It may be time for the government and the Bank of England to assess a way for lenders without a banking license to access capital directly from them and avoid the choppy and shark-infested money markets.

On the lending side lenders are taking payment holidays into consideration when looking at the viability to lend.

Furlough - It will play a massive part in how the economy rides out this storm. But it comes with consequences. What appetite will lenders have with 7.5 Million people partaking in the scheme? Many of these jobs and accompanying sectors will be classed as high risk and clearly the lenders will be thinking long and hard about exactly who they will want to lend to.

A cure – Fingers crossed this comes in but when and how effectively it can be rolled out remains to be seen

How we see each different type of market

Purchase’s – It would be madness for a lender to go above 90% LTV this year and we suspect they already know this. Throw in some adverse credit and a mortgage payment holiday and while you might have the deposit available to purchase it is irrelevant if the lender thinks your income is not enough.

Product transfers – A lot of clients will want to ride out the market and opt for security. Many will put off a future move for at least 12 months and until such time they get visibility on their own job security. This will be the only growth aspect of the mortgage for the rest of the year and lenders will also use the opportunity to go direct to consumer at every possible opportunity and brokers need to remain vigilant to that threat and ensure clients sense check everything they are doing.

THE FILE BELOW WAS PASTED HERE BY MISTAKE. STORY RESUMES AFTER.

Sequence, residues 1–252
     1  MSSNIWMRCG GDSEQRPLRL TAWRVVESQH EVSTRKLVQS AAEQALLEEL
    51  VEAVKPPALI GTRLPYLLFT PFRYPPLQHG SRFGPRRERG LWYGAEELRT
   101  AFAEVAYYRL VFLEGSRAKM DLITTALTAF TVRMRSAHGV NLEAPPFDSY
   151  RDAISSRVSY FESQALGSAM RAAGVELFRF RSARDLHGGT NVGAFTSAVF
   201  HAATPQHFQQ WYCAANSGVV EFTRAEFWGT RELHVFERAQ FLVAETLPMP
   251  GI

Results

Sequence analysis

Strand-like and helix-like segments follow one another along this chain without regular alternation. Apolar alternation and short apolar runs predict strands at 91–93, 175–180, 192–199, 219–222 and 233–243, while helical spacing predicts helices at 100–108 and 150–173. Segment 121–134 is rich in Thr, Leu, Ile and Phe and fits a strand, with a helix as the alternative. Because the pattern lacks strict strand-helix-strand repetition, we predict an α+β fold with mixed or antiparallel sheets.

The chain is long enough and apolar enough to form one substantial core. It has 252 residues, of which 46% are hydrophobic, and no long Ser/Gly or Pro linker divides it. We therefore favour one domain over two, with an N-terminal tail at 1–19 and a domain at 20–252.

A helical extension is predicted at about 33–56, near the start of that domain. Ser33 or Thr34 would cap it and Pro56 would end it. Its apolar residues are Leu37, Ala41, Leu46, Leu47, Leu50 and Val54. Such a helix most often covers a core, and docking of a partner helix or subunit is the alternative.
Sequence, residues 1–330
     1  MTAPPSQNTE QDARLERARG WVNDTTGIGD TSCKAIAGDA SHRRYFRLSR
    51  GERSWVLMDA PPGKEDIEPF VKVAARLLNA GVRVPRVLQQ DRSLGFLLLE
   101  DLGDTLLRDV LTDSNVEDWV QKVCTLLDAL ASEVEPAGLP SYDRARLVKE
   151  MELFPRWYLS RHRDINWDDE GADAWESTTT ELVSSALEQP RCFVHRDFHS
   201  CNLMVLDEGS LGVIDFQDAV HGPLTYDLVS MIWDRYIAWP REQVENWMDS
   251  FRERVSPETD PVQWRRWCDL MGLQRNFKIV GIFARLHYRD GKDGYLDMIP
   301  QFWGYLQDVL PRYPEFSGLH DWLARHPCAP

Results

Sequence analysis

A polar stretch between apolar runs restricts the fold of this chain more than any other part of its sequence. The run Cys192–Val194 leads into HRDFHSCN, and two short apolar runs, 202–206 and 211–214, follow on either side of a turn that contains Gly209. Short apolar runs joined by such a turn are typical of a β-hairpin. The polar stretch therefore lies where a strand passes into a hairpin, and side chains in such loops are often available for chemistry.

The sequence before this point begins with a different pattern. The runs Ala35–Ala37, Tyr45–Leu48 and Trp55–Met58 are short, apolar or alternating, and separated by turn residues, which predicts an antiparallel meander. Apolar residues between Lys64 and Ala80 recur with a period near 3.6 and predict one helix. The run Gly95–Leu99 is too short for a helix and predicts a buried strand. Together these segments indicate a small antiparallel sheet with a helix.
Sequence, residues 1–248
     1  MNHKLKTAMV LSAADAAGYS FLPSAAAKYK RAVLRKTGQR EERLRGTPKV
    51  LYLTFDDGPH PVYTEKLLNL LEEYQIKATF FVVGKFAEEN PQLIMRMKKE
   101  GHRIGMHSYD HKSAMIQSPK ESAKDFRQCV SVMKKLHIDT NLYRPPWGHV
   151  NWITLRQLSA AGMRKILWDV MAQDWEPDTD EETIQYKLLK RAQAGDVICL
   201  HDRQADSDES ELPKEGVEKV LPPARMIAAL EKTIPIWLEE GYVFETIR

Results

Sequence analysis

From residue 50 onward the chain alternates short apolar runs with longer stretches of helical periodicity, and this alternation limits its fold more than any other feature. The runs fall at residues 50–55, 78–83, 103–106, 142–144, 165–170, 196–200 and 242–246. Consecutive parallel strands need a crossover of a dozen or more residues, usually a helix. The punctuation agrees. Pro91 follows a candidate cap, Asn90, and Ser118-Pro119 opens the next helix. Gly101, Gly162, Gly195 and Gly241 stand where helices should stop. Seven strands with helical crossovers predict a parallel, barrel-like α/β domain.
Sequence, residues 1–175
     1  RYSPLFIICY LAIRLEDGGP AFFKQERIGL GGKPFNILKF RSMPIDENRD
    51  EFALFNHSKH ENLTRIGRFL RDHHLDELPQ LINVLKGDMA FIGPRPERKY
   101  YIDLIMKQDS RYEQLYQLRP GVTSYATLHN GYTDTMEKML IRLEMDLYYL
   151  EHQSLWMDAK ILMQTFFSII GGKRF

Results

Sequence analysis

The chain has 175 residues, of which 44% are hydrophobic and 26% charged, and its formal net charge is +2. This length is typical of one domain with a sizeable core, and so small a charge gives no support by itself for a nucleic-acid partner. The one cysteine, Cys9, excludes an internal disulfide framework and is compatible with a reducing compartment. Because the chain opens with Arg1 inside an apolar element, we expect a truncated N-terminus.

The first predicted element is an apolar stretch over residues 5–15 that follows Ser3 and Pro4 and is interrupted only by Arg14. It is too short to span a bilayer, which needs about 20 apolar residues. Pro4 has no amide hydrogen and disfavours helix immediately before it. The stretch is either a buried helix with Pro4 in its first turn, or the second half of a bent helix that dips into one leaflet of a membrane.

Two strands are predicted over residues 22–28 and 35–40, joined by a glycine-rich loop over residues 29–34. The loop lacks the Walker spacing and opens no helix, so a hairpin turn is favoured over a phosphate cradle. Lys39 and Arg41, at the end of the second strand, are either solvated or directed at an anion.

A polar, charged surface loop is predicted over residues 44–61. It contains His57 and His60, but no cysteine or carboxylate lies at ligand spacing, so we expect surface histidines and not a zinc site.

Like for like remortgages - Expect these to be few and far between. Unless there is a significant difference in monthly payments between the PT and mortgages we believe clients will go down the path of least resistance.

Shared ownership/HTB - Unless you are a super-prime client with a large deposit these products will stall well into next year

New builds - This is interesting a lot of people will have exchanged so expect to see a spike in completions In June, but with lenders not offering high LTV, there needs to be some serious thought surrounding new build incentives in order for the deals to go through. Builders may mothball developments and ride out the storm into next year.

Later life lending - The market will dramatically increase with the bank of Mum and Dad (or Gran and Grandad) now needed more than ever as a lending source. We expect to see many future inheritances requested early by the family.

Second charge mortgages - A backlog in cases on hold and delays by lenders coming back to the market will see a large surge In completions in June/July.

There may be incremental increase’s month on month thereafter with new enquiries coming in from brokers and consumers alike who are unable to get financing elsewhere.

But there will still be constraint on criteria and certain lenders may not re-enter the market till the end of the year, with some pulling out all together. Some larger second charge packagers may need to scale back operations until such time the market recovers.

Bridging - It continues to be all about the exit. The regulated space will take a long time to return to any sort of normality with nervousness centered around valuations.

In the unregulated space, we could actually see some normality, with lenders showing a common-sense approach by manually underwriting each case. There will not be a shortage of capital for these lenders. In the main they are privately funded so there could be an appetite here although expect an increase in rates to accommodate the additional risk being undertaken.

Unsecured lending - The days are now gone for cheap unsecured borrowing. It may come back towards the end of the year but it will only be for the prime consumer. The middle tier client will either have to look at much heavier rates from lenders or go down a secured lending route.